It was three dollars. Yet it means as much to me as any donation received so far. You see, the $3 was from my then 7-year-old daughter. It represented 50 percent of her life savings (thankfully, she’s unaware of what we have been putting away for her).
The donation conversation occurred over breakfast. Actually her breakfast, which consists of me making lunch while she eats and then sitting at my laptop and trying to get some work done while she tries to make conversation and delay her morning shower. On that day, I was all ears.
“Dad, I’ve got $6 in my piggy bank. I’d like to give you $3 for your ride.”
Giving her a hug, “Ah, Sophia, that’s sweet, but I don’t’ want to take your money.”
“But, Dad, does doing the ride make you happy?”
“Yes, it does.”
“Then I want you to have it.”
Another proud hug followed. “You hang on to your money and I will let you know when I’m ready for it.”
What’s always amazed me about Sophia is she gets it—without even knowing she gets it. Doing the Pan Mass Challenge is a lot of work to train and raise funds. Yet it really is a gift to yourself as each donation that comes in brings smile to my face and tears to my eyes. Each one. That’s why I’m delaying acceptance of Sophia’s $3 until it puts me over my minimum of $3200.
I find it rather ironic that she wants to contribute to a cause to cure a disease she knows very little about. I’m sure she’s heard it mentioned around the house, on television or at school. Yet she does not know how closely it has touched her life. In fact soon, I’m not sure how soon, she will know plenty about it. There are people in her life that have this insipid disease and she is unaware of that fact. For now, she just wants to help Daddy, but she will really be helping them.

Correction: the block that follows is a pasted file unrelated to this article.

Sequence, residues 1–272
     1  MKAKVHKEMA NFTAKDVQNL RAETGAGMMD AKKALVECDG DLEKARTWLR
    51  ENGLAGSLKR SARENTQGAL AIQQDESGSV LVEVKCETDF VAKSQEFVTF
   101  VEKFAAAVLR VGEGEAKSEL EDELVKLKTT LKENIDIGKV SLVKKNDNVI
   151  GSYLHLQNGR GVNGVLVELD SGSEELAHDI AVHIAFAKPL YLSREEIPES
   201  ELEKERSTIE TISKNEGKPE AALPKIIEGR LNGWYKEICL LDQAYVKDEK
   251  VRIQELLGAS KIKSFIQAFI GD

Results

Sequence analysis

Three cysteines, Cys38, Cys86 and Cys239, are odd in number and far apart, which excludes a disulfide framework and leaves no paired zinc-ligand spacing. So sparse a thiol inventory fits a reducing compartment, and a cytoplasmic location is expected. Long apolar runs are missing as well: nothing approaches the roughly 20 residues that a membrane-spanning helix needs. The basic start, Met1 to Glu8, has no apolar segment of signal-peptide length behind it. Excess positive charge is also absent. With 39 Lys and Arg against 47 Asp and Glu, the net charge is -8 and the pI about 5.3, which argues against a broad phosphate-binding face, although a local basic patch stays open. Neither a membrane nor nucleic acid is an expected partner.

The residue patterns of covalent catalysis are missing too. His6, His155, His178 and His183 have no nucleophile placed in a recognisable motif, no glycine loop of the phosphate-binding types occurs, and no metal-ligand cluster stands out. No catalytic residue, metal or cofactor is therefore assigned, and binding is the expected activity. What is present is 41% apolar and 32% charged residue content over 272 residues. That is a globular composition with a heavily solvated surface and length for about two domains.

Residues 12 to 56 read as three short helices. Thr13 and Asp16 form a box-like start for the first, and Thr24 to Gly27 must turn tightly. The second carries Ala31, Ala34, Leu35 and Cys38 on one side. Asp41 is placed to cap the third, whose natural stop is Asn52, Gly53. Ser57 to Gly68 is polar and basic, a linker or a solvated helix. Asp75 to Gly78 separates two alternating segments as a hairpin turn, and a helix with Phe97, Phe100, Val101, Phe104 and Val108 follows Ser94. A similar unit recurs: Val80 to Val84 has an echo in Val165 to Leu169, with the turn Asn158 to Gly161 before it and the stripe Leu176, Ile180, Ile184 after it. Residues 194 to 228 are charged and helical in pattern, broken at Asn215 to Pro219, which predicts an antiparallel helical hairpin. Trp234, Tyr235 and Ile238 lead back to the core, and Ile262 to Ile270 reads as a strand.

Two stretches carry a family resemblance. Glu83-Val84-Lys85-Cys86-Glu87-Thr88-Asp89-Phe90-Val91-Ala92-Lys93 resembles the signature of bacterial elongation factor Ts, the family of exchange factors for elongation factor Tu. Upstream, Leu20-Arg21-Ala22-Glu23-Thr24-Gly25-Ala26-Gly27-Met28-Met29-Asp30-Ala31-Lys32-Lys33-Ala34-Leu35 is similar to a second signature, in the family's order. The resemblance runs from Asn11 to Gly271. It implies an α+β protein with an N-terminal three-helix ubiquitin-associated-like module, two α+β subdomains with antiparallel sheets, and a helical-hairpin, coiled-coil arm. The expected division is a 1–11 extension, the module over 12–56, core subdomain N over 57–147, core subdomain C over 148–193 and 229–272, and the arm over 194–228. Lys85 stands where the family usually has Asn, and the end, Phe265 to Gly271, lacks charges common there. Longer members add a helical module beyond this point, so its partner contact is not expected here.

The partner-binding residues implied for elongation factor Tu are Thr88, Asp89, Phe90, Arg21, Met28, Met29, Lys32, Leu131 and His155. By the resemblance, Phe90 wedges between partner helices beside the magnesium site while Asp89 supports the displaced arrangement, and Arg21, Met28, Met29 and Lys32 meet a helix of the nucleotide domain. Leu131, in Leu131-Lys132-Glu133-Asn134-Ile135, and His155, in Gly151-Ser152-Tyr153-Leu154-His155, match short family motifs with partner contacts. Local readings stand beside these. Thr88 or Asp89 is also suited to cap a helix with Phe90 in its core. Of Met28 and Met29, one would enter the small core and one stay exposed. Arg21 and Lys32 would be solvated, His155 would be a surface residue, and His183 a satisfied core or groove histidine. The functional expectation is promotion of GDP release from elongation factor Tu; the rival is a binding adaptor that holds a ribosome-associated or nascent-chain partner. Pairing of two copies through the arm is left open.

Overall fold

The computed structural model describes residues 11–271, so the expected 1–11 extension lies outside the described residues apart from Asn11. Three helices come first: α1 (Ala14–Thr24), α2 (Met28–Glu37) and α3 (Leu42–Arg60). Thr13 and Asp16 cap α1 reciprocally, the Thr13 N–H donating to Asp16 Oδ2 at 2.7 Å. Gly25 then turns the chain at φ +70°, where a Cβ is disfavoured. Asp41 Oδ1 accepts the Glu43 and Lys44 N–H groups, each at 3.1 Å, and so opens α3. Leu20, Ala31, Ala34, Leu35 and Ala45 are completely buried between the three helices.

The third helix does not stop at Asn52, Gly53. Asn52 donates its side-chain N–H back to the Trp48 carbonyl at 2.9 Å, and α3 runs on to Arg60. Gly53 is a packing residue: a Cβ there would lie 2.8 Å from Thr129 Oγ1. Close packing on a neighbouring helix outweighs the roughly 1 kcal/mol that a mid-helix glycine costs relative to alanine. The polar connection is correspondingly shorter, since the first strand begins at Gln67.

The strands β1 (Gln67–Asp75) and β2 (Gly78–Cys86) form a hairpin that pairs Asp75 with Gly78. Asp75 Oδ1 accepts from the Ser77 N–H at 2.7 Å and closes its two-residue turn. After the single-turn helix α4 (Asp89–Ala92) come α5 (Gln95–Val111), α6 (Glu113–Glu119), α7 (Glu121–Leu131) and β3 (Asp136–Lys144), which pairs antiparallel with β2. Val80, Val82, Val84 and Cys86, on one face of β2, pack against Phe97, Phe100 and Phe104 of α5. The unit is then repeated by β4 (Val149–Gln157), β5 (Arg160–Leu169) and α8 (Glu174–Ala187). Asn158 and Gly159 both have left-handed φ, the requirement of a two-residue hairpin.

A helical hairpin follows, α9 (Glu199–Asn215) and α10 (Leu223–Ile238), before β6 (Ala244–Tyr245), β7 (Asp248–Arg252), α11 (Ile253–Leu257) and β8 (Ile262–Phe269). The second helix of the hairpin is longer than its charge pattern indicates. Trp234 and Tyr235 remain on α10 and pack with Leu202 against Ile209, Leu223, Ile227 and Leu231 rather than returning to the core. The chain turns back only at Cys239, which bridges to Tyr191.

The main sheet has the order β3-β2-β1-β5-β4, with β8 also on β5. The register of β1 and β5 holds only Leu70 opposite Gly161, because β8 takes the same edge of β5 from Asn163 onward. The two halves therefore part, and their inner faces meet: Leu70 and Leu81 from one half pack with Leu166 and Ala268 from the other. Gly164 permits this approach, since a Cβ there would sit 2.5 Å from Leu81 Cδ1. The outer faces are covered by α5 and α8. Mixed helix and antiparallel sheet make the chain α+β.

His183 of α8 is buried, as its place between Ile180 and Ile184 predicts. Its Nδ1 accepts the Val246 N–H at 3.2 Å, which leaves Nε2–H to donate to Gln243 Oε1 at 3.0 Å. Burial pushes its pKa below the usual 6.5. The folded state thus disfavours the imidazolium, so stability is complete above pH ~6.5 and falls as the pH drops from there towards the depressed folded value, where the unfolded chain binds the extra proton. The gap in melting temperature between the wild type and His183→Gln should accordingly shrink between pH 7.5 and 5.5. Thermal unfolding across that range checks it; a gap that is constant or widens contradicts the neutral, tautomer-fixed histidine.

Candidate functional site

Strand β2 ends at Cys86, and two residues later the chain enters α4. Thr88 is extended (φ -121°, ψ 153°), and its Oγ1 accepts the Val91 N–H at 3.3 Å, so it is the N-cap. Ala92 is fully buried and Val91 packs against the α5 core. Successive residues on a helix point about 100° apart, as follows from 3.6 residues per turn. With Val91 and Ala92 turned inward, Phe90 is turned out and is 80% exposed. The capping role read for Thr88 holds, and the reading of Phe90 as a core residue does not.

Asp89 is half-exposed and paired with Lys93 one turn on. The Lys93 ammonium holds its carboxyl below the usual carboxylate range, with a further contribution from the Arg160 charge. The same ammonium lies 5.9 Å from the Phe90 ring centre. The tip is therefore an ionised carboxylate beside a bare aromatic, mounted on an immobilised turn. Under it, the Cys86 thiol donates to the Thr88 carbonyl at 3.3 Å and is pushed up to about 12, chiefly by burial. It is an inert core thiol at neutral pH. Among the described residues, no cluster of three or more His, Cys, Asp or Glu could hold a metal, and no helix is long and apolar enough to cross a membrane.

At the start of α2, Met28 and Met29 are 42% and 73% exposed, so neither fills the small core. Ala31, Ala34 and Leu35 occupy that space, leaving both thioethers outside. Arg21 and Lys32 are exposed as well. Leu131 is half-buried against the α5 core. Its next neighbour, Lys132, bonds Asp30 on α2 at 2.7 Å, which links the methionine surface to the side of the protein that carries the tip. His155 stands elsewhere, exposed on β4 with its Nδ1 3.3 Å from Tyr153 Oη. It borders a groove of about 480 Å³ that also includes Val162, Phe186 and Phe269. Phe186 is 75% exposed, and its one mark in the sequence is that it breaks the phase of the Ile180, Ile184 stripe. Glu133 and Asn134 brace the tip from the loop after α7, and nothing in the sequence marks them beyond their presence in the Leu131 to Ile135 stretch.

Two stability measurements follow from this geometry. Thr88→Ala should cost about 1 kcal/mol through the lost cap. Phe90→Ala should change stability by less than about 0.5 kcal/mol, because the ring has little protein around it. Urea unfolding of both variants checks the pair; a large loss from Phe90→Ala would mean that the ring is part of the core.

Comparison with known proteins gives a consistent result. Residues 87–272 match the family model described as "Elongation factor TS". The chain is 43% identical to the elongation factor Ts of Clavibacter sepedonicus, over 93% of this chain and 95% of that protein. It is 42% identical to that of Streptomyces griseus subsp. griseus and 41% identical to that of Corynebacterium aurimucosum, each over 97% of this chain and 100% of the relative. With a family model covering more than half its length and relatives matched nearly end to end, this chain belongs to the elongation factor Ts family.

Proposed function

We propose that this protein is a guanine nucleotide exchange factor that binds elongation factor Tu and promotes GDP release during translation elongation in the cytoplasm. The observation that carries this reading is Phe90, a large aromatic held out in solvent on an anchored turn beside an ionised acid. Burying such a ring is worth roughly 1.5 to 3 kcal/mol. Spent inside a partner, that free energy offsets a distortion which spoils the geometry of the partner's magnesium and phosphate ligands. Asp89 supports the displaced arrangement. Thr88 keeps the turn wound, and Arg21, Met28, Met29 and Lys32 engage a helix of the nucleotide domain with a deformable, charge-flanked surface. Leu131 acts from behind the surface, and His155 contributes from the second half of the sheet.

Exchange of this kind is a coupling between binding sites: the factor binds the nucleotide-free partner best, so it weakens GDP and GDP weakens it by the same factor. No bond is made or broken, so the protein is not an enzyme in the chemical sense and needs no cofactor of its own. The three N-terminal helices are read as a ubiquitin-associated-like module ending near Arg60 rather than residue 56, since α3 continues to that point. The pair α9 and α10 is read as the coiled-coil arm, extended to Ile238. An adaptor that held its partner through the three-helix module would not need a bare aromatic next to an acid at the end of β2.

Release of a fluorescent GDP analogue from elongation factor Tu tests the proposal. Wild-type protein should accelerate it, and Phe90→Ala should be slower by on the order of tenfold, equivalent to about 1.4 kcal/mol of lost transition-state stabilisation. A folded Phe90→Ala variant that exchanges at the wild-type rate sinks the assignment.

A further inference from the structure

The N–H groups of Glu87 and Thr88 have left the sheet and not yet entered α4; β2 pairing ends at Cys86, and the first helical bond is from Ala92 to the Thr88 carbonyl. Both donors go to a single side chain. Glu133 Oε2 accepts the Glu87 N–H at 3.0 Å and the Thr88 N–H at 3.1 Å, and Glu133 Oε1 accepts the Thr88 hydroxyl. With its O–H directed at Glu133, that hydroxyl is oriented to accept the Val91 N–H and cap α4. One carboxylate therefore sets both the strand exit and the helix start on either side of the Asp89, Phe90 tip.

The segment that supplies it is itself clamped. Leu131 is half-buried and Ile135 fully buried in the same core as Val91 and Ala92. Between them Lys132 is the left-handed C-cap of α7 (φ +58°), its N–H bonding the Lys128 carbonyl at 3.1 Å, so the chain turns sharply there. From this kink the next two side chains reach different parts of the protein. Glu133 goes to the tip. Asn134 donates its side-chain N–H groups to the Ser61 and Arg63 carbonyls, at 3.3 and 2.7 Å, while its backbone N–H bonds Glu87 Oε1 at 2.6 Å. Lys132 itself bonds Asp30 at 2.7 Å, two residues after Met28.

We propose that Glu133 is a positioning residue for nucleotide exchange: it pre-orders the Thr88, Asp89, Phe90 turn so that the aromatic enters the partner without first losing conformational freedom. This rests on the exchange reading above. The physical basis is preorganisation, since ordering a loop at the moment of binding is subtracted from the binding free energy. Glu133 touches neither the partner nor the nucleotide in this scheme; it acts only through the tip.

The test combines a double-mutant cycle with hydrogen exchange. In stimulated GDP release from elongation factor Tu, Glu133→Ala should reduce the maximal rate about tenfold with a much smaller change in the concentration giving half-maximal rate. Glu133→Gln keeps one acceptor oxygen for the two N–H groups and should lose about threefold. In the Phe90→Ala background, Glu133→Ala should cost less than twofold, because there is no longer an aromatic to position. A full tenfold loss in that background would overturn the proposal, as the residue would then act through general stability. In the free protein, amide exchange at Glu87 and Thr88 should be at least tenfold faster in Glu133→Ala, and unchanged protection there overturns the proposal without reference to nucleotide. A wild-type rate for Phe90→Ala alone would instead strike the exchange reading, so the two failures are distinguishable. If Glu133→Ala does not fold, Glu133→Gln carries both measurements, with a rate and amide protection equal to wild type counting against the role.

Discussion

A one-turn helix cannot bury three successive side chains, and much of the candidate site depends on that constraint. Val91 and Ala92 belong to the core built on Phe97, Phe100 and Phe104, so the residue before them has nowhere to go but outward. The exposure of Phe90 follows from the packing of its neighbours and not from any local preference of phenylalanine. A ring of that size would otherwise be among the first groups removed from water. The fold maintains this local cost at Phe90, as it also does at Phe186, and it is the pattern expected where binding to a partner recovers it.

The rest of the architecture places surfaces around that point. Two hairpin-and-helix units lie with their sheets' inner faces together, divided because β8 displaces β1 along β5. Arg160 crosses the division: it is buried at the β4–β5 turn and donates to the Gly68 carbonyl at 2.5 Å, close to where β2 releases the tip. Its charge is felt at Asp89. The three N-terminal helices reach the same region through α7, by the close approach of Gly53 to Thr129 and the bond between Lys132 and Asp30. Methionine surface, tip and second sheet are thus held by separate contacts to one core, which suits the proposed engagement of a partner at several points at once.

As a writer, I loathe use of profanity and vulgarity in print. Most of the time, it is completely unnecessary and can be said a better and more inventive way. Yet there is no getting around this and sugar-coating what cancer does. As my Millis neighborhood friend Donna Dwyer put it, “cancer sucks!”
She knows firsthand having lost her 20-year-old niece to it a few years ago. That’s why even though she’s a single mom working several jobs to put her daughter through college, she was one of the first to donate to my ride. Thank you, Donna.
We all know somebody who has cancer or succumbed to it. The Pan Mass Challenge is about them, not the people riding in it. That’s why 100 percent of the donations raised by riders goes to the Jimmy Fund/Dana Farber. That’s right, 100 percent!
It’s a cliché to say that every little bit helps. But it is true. The $3 my daughter will donate is going to prove that. And who’s to say that little amount of money doesn’t lead to the research that finally puts an end to cancer?
The one thing doing this ride has taught me is do not say anything is impossible. You will be proven wrong.
If you want to give, you can go to my online site or mail a check written out to Pan Mass Challenge and mail it to me at: Joe D’Eramo, 111 Kathleen Drive. Plymouth ,MA.
Now, I’m off to train. Got to go earn my $3.